The two words are synonymous, and either phrasing could be used, although Google's Ngram tool shows that social issues seems to be the predominant term.
I wouldn't go so far as to say the two words are always interchangeable. At least in the U.S., students go to college majoring in social work, not societal work. In the context of social issues, though, social issues may be more common, but that doesn't mean it's always more correct.
Perhaps a good follow-on to your question would be: When might one be preferable over the other? I think social would almost always be a safe bet, but I can think of one reason societal might be preferred in some contexts – a narrower definition. According to NOAD, societal means:
societal (adj.) of or relating to society or social relations : societal change.
The word social has pretty much the exact same meaning, although its meaning does seem to be subtly broader:
social (adj.) of or relating to society or its organization : a major social problem | a traditional Japanese social structure.
• of or relating to rank and status in society : a recent analysis of social class in Britain
• needing companionship and therefore best suited to living in communities : we are social beings as well as individuals
One "Writing Tips" website says that the two are pretty much synonymous, although societal might sound more pompous outside of a formal academic setting:
societal appeared in the latter part of the nineteenth century as a more serious, scholarly alternative. It is mostly seen in such usage and is otherwise considered pretentious.
The question was also asked on ELU a few years ago; I think Neil Coffey's comment there sums it up pretty well:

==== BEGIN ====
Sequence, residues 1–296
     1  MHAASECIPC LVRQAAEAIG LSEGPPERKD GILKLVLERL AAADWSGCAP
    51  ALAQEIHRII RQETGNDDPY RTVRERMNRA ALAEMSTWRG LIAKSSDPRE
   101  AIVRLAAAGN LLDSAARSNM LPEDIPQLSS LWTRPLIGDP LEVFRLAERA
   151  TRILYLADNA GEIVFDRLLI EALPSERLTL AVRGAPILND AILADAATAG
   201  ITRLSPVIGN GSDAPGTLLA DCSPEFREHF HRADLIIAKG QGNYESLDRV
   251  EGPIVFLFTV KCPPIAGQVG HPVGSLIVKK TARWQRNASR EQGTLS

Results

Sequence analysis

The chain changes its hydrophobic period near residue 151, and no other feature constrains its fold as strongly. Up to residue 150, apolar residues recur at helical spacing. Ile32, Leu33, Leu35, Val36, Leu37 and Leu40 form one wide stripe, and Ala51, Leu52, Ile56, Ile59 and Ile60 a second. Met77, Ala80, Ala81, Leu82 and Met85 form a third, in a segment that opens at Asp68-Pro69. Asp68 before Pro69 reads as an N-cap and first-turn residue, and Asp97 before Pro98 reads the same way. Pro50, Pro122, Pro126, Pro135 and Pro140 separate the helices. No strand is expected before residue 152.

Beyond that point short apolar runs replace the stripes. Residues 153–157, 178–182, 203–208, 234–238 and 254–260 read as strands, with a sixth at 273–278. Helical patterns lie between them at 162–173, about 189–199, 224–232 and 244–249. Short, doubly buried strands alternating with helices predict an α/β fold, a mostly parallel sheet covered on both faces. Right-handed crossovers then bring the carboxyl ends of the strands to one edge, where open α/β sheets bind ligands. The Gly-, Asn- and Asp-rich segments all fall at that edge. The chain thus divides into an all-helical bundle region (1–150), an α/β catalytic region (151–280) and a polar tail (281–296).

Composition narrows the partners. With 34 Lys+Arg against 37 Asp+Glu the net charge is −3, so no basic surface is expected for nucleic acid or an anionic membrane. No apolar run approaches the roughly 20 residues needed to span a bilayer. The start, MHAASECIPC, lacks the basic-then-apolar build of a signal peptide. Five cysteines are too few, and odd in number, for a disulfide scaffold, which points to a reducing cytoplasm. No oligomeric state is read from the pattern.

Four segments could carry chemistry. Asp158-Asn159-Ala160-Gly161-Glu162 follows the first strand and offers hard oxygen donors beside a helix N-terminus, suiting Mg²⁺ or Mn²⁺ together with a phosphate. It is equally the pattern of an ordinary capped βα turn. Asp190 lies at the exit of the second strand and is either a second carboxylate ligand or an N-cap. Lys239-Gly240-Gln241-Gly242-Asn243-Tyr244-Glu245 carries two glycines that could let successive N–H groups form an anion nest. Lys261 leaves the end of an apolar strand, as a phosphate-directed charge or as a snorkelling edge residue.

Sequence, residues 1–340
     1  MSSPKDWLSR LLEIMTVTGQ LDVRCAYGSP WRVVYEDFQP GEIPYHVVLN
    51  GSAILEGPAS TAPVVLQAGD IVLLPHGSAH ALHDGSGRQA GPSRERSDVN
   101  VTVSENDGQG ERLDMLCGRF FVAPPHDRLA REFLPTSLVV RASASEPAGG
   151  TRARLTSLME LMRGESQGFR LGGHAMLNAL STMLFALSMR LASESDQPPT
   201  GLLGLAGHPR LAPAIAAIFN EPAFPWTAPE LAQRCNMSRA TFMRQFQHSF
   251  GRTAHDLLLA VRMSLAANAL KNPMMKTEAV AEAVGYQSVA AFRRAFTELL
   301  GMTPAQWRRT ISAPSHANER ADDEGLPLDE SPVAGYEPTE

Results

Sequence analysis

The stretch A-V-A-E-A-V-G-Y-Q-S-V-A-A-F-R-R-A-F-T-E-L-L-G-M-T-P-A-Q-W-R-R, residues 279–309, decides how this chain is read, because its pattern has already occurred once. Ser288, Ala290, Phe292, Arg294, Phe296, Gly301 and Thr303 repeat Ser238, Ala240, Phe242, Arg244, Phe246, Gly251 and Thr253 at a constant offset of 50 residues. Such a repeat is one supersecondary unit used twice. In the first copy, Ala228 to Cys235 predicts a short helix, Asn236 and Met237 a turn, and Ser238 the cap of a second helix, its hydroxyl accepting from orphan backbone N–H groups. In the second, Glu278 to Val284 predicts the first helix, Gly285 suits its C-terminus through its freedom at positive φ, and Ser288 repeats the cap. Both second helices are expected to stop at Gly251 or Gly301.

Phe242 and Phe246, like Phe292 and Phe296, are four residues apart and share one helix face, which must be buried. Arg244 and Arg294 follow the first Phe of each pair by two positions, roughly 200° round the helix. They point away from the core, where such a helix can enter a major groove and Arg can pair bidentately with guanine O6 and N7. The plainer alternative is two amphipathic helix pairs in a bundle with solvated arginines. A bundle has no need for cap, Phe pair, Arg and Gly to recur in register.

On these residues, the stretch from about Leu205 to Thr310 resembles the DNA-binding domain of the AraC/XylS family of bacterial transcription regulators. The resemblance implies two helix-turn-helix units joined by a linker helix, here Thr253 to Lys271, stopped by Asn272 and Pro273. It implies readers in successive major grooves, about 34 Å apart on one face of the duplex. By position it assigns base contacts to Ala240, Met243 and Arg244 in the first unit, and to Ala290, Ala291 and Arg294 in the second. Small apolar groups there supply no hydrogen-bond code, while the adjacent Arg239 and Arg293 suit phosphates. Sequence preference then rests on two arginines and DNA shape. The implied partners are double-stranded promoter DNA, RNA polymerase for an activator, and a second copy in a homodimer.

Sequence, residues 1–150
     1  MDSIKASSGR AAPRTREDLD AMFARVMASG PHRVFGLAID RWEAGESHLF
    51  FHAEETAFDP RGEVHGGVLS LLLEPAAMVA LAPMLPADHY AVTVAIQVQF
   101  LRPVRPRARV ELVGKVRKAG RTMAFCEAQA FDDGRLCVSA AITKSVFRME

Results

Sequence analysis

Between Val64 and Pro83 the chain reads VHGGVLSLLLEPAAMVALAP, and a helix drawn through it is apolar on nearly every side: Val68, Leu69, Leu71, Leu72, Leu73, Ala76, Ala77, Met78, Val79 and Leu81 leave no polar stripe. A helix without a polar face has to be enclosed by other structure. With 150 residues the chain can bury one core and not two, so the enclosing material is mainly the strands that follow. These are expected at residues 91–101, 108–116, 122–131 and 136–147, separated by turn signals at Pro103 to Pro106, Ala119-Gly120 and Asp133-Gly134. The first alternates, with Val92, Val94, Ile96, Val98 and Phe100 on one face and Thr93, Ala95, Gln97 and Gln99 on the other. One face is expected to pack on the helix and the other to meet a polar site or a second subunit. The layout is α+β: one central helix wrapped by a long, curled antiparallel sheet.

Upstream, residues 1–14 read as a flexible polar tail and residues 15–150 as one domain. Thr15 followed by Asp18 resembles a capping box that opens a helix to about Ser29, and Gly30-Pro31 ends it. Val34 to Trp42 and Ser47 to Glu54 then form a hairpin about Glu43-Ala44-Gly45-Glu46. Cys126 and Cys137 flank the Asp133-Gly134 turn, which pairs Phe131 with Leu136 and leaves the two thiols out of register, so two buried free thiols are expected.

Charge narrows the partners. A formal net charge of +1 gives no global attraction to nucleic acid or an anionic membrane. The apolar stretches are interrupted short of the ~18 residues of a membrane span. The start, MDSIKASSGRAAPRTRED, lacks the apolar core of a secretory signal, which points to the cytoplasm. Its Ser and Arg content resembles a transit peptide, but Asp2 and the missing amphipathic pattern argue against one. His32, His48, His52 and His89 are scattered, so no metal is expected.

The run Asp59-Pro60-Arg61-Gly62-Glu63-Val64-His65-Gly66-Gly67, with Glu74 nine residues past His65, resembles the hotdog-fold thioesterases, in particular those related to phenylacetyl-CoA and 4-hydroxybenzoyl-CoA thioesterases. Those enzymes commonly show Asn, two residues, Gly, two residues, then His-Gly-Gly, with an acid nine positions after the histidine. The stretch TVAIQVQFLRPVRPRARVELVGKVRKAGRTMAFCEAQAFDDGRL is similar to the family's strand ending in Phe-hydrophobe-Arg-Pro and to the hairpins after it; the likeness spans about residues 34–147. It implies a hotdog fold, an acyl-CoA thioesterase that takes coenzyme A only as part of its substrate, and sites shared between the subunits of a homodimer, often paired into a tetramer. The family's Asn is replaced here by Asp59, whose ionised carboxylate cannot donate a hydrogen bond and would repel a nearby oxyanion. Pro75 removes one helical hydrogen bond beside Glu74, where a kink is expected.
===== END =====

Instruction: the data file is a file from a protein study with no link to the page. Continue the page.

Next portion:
if there's any confusion, "societal" allows you to disambiguate – it is probably for this reason that it is reasonably common in academic writing.
Imagine you were organizing a conference, and you were considering two titles:
- International Conference on Societal Change
- International Conference on Social Change
The latter title would work if the conference intended to address issues like poverty, unemployment, or substance abuse. The former seems to have a more narrow focus; specifically, a more academic view on how society is evolving.
Then again, maybe I'm just reading too much into it.
Back to your original question:
I am trying to translate the French phrase questions de société. We use it when we speak of issues broader than just social issues (workers, unemployment, poverty...). Questions de société also includes issues about evolution of society, cultural identity...
English works pretty much the same way. Social issues may often refer to broader problems like unemployment and poverty, as well as cultural identity, while societal issues can also apply to both. However, the surrounding context (such as the title of a conference) might create an initial impression in one direction or another.